Using Volume for Day Trading Stocks

Thu May 21, 2020, 01:41 pm | by Delaney | No comments

Volume is an important indicator for day traders, and it relates to how many shares of a particular stock is traded for a given time period. This helps traders understand how liquid the stock is, which is important for day traders who may need to get in and out of a trade quickly. This blog post will breakdown volume, its importance for day trading, a few ways to measure volume, and how to find it inside Benzinga Pro.

What is Volume in Day Trading? 

According to Investopedia, volume is the amount of shares a security is traded over the selected period of time. For example, at this time of this blog post, Apple’s session volume is 9.716 million. That means for the session up to that point, 9.716 million shares of Apple were traded. Generally speaking, the higher the volume, the more liquid the stock. 

Using Volume for Day Trading 

Volume is used in technical analysis as a measure of the significance of the market movement. Higher volume generally means more interest in the stock, while lower volume generally means less interest in the stock. It can confirm trends and chat patterns. 

Read More: Beginner’s Guide to Technical Analysis

Day traders usually want to stick with higher volume stocks, because that means there is more price movement. This is because day traders need to make sure they can enter and exit trades quickly. It is recommended that day traders look for stocks with at least one million in volume. Higher volume also means it’s easier to buy and sell stocks because more people looking to buy or sell.

In a chart, you will typically find a volume bar chart at the bottom, as seen below.

Screenshot of Apple's chart

A red bar means that price declined in the given time period, and a green bar means price increased in the given time period. 

Day Trading Volume Data and Indicators

Volume data may be reported once per hour, although these are estimates. The true volume of the trading day is reported the next day. Below are a few variations on volume and indicators.

Relative Volume 

Volume can change from day to day, so the relative or average volume data will give you the average volume for a “normal” day. This takes the current volume for the period selected compared to the average volume for that stock.

Higher-Than-Average Volume 

When volume is higher than average, that typically means something is happening to the stock that is causing price movement. This volatility means there could be an opportunity for you to make a day trade.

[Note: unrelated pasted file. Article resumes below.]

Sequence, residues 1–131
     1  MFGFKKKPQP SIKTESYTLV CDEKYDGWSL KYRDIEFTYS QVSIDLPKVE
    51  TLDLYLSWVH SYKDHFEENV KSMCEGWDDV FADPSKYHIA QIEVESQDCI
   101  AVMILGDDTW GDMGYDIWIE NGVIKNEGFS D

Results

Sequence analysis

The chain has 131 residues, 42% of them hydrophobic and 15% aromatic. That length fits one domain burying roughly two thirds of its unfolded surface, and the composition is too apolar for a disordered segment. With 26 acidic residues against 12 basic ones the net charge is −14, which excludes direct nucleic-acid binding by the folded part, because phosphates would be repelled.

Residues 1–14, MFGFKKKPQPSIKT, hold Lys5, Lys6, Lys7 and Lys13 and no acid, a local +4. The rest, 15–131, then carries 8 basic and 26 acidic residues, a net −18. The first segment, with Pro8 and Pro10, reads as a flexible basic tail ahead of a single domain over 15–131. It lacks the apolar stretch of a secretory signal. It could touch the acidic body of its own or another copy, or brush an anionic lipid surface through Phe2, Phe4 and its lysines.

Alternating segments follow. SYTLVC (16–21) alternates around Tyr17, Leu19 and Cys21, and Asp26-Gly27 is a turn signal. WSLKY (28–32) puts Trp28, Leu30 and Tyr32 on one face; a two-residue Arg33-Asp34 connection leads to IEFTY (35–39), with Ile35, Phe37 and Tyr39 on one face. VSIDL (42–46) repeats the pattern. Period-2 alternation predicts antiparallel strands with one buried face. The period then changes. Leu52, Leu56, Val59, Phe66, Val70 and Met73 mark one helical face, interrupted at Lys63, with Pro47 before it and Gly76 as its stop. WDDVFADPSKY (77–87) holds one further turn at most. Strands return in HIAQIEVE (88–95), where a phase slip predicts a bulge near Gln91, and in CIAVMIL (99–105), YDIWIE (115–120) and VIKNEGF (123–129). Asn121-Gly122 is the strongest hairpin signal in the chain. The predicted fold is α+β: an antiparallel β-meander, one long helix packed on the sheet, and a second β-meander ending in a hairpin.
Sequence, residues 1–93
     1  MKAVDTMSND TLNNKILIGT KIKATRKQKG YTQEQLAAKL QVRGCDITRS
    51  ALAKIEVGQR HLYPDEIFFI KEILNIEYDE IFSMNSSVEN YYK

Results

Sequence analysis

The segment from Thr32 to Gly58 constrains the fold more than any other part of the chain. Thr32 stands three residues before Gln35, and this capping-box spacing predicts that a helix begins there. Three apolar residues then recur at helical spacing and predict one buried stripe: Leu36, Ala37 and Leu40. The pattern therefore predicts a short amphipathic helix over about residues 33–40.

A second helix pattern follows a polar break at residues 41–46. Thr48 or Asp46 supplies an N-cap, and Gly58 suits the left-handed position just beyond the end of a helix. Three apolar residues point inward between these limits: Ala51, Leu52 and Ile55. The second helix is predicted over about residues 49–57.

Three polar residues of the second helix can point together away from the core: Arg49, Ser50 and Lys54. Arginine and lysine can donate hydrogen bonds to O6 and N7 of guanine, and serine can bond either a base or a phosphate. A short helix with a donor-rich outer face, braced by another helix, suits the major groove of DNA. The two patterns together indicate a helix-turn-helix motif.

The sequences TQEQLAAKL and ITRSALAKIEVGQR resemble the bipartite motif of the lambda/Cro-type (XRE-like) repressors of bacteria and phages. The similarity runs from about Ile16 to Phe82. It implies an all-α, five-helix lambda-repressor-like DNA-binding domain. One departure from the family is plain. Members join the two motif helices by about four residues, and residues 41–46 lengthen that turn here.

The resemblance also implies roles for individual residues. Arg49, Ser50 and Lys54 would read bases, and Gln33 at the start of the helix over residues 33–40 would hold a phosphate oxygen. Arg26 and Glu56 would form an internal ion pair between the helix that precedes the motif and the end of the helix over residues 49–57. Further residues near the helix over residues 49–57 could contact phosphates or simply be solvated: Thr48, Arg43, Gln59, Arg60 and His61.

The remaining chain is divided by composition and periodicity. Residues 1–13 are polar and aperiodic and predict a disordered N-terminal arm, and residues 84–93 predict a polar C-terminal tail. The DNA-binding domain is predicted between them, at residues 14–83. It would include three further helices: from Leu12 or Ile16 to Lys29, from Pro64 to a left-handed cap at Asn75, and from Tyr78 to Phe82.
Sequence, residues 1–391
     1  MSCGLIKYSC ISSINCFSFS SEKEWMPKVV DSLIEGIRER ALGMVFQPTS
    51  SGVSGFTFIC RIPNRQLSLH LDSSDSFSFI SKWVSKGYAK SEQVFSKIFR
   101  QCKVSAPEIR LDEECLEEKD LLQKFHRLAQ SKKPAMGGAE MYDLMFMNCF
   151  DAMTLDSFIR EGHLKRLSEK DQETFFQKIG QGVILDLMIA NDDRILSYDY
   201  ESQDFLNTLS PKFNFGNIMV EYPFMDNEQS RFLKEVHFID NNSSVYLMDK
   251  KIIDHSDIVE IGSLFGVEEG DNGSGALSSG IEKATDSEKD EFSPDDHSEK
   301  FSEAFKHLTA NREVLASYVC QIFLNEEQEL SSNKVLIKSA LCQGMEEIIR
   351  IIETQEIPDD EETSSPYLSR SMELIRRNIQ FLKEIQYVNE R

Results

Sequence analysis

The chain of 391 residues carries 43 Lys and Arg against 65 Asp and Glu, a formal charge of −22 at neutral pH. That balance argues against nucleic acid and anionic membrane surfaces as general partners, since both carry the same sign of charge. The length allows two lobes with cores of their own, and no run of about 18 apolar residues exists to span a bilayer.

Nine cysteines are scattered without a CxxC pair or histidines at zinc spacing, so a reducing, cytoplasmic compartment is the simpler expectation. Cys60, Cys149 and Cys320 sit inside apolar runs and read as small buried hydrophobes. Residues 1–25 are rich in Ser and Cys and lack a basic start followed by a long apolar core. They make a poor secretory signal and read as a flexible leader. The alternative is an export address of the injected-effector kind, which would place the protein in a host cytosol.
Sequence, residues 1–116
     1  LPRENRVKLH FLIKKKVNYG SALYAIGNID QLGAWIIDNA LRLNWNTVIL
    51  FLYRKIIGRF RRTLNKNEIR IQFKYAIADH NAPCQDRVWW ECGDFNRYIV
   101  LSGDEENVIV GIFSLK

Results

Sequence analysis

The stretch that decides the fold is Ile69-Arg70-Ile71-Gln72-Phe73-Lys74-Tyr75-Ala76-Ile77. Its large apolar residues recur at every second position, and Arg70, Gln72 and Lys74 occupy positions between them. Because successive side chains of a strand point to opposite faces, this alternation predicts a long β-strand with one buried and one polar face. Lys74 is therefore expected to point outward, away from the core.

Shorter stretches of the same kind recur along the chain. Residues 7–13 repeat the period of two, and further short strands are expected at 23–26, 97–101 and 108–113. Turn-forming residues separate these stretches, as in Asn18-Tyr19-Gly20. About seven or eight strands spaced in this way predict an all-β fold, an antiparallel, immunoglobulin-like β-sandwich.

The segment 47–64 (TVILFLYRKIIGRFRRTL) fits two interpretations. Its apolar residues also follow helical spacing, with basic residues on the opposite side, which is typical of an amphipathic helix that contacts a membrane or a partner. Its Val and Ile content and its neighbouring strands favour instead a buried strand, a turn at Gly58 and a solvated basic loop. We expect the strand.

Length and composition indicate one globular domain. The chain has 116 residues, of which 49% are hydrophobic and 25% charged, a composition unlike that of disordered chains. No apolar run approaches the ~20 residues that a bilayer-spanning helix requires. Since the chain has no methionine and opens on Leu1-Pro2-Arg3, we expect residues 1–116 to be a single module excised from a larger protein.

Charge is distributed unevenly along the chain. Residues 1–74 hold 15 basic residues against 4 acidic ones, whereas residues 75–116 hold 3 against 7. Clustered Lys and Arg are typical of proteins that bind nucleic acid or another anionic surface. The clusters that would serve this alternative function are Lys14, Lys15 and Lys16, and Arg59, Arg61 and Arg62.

A pullback is a correction that occurs when a stock has lower than average volume and prices move toward support levels. 

Trend Confirmation 

Pay attention to the correlation between price and volume. Rising price and volume show buyer enthusiasm while rising price and decreasing volume show a lack of buyer enthusiasm (and possibly a potential reversal). 

Finding Volume in Benzinga Pro 

Screenshot of the Details, Signals and Screener tool in Benzinga Pro


The quickest way to find the session or 100-day average volume for a stock is in the Details tool. Open the tool up, and scroll down past the news. Under Quotes, you’ll find the Session Volume and Average Volume (100 Day).

Unusual Options Activity Calendar

In our premium unusual options activity calendar, you can filter by volume and volume/open interest. To do this, open the Calendar tool, select the Unusual Options Activity calendar, and click the Filters tab on the right side. From here, you can choose how you’d like to filter the tool by volume. Unusual Options Activity data is an additional add-on to your subscription, but you can try it free with a Benzinga Pro trial.

Watchlists and Movers

Similarly to the Unusual Options Activity Calendar, you can also filter your Watchlists and Movers tool by volume. Select the Filters tab on the right side and filter the tool by volume.


In the Signals tool, you can filter any of the Signals by the average 14-day volume. Select Filters from the top menu, then scroll down to Average Volume (14 Day).


The Screener tool is the most robust tool to search for volume. In the filters section, you can use:

  • Volume (1 minute, 1 day or 1 week, depending on what is selected in the upper right corner)
  • Relative Volume
  • Average Volume 10 Days
  • Average Volume 30 Days
  • Average Volume 60 Days
  • Average Volume 90 Days

If you haven’t yet, start your free trial of Benzinga Pro to find stock volume.

Final Thoughts

Volume is an important concept to understand when day trading. In general, day traders want to look for stocks that have high volume. Increasing volume and price generally mean buyer interest, making the stock more liquid, and easier and quicker to buy and sell. There are multiple ways to measure volume, including the selected time period, session, relative volume, and over a selected period of days.

Disclaimer: Benzinga is a news organization and does not provide financial advice and does not issue stock recommendations or offers to buy stock or sell any security. Benzinga Pro is for informational purposes and should not be viewed as recommendations. Benzinga Pro will never tell you whether to buy or sell a stock. It will only inform your trading decisions. You can find our full disclaimer located here.